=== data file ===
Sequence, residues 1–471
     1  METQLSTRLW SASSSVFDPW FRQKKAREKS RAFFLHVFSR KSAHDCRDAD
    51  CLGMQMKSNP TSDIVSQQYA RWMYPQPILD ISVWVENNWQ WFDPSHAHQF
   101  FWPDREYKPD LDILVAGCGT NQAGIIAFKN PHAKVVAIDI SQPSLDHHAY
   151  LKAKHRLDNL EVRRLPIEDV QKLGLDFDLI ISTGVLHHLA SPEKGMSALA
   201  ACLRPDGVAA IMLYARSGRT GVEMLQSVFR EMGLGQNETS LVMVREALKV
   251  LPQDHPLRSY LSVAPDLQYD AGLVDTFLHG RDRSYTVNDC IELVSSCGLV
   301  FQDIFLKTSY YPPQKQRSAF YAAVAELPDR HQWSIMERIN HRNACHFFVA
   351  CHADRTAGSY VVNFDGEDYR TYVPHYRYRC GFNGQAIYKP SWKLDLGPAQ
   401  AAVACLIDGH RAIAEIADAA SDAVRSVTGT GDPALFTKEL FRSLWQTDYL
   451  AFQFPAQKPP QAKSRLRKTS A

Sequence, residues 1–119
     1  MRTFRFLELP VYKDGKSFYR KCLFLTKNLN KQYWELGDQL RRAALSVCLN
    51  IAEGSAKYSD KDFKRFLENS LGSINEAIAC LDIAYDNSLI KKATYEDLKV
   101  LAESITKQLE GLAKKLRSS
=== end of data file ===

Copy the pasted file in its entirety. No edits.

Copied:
Sequence, residues 1–471
     1  METQLSTRLW SASSSVFDPW FRQKKAREKS RAFFLHVFSR KSAHDCRDAD
    51  CLGMQMKSNP TSDIVSQQYA RWMYPQPILD ISVWVENNWQ WFDPSHAHQF
   101  FWPDREYKPD LDILVAGCGT NQAGIIAFKN PHAKVVAIDI SQPSLDHHAY
   151  LKAKHRLDNL EVRRLPIEDV QKLGLDFDLI ISTGVLHHLA SPEKGMSALA
   201  ACLRPDGVAA IMLYARSGRT GVEMLQSVFR EMGLGQNETS LVMVREALKV
   251  LPQDHPLRSY LSVAPDLQYD AGLVDTFLHG RDRSYTVNDC IELVSSCGLV
   301  FQDIFLKTSY YPPQKQRSAF YAAVAELPDR HQWSIMERIN HRNACHFFVA
   351  CHADRTAGSY VVNFDGEDYR TYVPHYRYRC GFNGQAIYKP SWKLDLGPAQ
   401  AAVACLIDGH RAIAEIADAA SDAVRSVTGT GDPALFTKEL FRSLWQTDYL
   451  AFQFPAQKPP QAKSRLRKTS A

Sequence, residues 1–119
     1  MRTFRFLELP VYKDGKSFYR KCLFLTKNLN KQYWELGDQL RRAALSVCLN
    51  IAEGSAKYSD KDFKRFLENS LGSINEAIAC LDIAYDNSLI KKATYEDLKV
   101  LAESITKQLE GLAKKLRSS